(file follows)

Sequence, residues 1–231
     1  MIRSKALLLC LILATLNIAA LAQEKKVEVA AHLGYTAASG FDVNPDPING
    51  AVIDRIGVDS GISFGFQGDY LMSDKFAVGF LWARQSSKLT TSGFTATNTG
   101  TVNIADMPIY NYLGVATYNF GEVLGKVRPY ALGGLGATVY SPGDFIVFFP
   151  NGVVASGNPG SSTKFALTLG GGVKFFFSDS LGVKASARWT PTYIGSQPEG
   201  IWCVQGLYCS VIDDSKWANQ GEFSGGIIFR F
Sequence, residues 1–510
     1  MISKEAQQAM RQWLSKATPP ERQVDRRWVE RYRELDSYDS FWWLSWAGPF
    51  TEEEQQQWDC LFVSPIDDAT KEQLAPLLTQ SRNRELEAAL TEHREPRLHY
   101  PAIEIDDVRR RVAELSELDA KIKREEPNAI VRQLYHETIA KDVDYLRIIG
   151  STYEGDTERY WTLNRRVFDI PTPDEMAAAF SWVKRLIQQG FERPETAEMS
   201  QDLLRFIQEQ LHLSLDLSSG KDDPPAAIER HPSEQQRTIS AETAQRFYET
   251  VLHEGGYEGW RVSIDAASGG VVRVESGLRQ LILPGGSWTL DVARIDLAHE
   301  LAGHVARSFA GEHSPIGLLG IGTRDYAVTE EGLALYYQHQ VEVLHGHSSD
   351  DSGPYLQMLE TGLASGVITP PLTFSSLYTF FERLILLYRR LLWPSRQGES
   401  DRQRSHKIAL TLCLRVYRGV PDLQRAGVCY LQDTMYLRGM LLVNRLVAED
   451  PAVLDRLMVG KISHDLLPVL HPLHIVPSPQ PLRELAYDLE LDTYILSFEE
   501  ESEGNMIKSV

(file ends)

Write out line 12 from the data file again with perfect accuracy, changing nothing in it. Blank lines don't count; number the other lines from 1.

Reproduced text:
   201  QDLLRFIQEQ LHLSLDLSSG KDDPPAAIER HPSEQQRTIS AETAQRFYET